English Department Course Offerings, Spring 2014
10-004 Introduction to Creative Writing. An introductory workshop focused primarily on prose fiction. (John Pipkin)
10-174 Survey of American Literature is an historically organized course, focusing on American literature and culture from Columbus to the present. (David Gaines)
10-284 Literary Analysis and Methods will demystify literary interpretation and provide students with tools to become more effective critical readers and writers. We will focus on the diverse and often interrelated questions that literary critics ask of texts; the range of questions demonstrates that literature speaks of (and to) aesthetic, political, biographical, and cultural issues. (Helene Meyers)
10-304 Writing for Stage and Screen is a workshop focused on playwriting and screenplay writing. Also THE 74-304. (C Swanson)
10-324 Creative Writing is a workshop focusing on prose fiction. (John Pipkin)
10-404 Literary Criticism/Literary Theory An advanced introduction to major critical and theoretical approaches to literature, including Structuralism, Poststructuralism, Marxism, Feminism, and Postcolonial Theory. (Jim Kilfoyle)
10-504 Shakespeare in Hollywood. In this course we begin by reading Othello as a play, and then we watch an outstanding current adaptation of it for the screen. We then watch a series of adaptations, including Shakespeare in Love, as we learn the basic concepts involved in translating Shakespeare into film. (Michael Saenger)
10-514 World Cinema is an upper-level survey of Hollywood and (so-called) Second and Third World Cinemas. Commercial, aesthetic and political approaches to and receptions of film will all be discussed. The course begins with D.W. Griffith and Sergei Eisenstein. It ends with Hayao Miyazaki and Abbas Kiarostami. Films will be discussed in terms of both their cultural contexts and their aesthetic qualities. Hopefully students will complete the course with an expanded sense of cinematic possibilities and a clearer one of their own tastes. (David Gaines)
10-624 Shakespeare We begin with The Spanish Tragedy, by Thomas Kyd, and then we read seven Shakespeare plays, carefully. We will discuss the history of the time and how the theater worked. Particular emphasis on reading the plays aloud, finding humor and subtlety in scenes, and developing discussion as a class. (Michael Saenger)
10-634 The Queer Eighteenth Century introduces students to the Enlightenment through celebrated queer personalities, real and imagined, and reads the early novel through the lens of queer theory. Topics include the historical construction of sex, gender and heteronormativity; bluestocking feminism and romantic friendship; the rise of the novel and the invention of authorship; national identity, race, and colonialism; and celebrity and material cultures. (Kevin Bourque)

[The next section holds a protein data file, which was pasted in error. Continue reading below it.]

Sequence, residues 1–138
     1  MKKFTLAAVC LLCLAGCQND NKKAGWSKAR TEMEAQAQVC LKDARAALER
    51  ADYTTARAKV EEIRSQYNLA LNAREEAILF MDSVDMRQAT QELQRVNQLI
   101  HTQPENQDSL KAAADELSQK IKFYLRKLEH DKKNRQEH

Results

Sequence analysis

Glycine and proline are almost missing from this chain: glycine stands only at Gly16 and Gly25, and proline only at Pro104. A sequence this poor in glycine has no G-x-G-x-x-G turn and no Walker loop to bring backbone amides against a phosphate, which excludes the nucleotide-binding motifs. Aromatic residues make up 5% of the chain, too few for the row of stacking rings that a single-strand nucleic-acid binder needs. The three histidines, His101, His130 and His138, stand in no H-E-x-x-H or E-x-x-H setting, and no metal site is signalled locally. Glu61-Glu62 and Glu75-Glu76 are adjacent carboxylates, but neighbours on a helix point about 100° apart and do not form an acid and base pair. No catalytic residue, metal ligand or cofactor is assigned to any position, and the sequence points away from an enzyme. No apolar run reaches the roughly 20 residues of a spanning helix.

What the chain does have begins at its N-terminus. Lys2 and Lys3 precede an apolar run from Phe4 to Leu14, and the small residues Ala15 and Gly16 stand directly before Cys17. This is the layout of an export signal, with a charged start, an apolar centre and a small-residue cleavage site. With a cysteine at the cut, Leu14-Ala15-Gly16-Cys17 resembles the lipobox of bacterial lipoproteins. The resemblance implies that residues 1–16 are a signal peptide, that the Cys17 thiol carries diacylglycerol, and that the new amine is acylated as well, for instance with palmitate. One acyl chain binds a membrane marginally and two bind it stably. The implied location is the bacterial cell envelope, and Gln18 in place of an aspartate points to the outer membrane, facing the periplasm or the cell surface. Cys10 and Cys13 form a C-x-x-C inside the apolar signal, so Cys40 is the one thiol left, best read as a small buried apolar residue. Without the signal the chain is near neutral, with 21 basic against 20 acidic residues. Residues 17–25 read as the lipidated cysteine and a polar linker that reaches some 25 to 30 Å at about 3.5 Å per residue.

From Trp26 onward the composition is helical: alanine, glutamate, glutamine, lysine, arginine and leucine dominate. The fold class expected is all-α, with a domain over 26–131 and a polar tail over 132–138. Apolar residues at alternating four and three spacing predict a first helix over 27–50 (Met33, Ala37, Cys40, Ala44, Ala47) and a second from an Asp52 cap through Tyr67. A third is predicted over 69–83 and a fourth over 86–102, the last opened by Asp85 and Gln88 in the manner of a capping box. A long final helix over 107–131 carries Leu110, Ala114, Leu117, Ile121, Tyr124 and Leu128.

10-664 British Romanticism examines major poetic works of the British Romantic Period, spanning the late-1700s to the early-1800s: Blake, Wordsworth, Coleridge, Keats, Shelly, Byron, as well as marginalized works by Charlotte Smith, Felicia Hemans, and others. Critical attention will be given to the historical context and the rise of modern aesthetics. (John Pipkin)
10-684 Best Recent Fiction: The Booker Prize Since 1969, the Man Booker Prize has “promote[d] the finest fiction by rewarding the best novel of the year written by a citizen of the United Kingdom, the Commonwealth or the Republic of Ireland.” We will read a selection of recent winners, and investigate questions of aesthetic value, the institution of prize-giving, and changing values in the contemporary U.K. (Jim Kilfoyle)
10-734 Critical Approaches to Dickinson & Whitman Frequently figured as the mother & father of modern American poetry, Emily Dickinson and Walt Whitman are two of the best-known and best-loved American poets. In this class, we’ll explore their work and look at a few of the many interpretive lenses that have been applied to these writers. (Julia Delacroix)
10-764 American Ethnic Literature examines representations of ethnic and racial identity in contemporary American literature. Our study is attentive to the intersections of ethnicity and race with gender, sexuality, citizenship, and class in works by Junot Diaz, Jhumpa Lahiri, Spike Lee, Toni Morrison, Leslie Marmon Silko, GB Tran, and Colson Whitehead. (Carina Evans)
10-934 Capstone Seminar: Wasteland We will begin by reading T.S. Eliot’s “The Wasteland,” then we will read some of the works he cites, including the Bible, the Upanishads, The Spanish Tragedy, Beaudelaire and Dante. We will read these books for their own sake and also as part of an “intertext” that includes Eliot.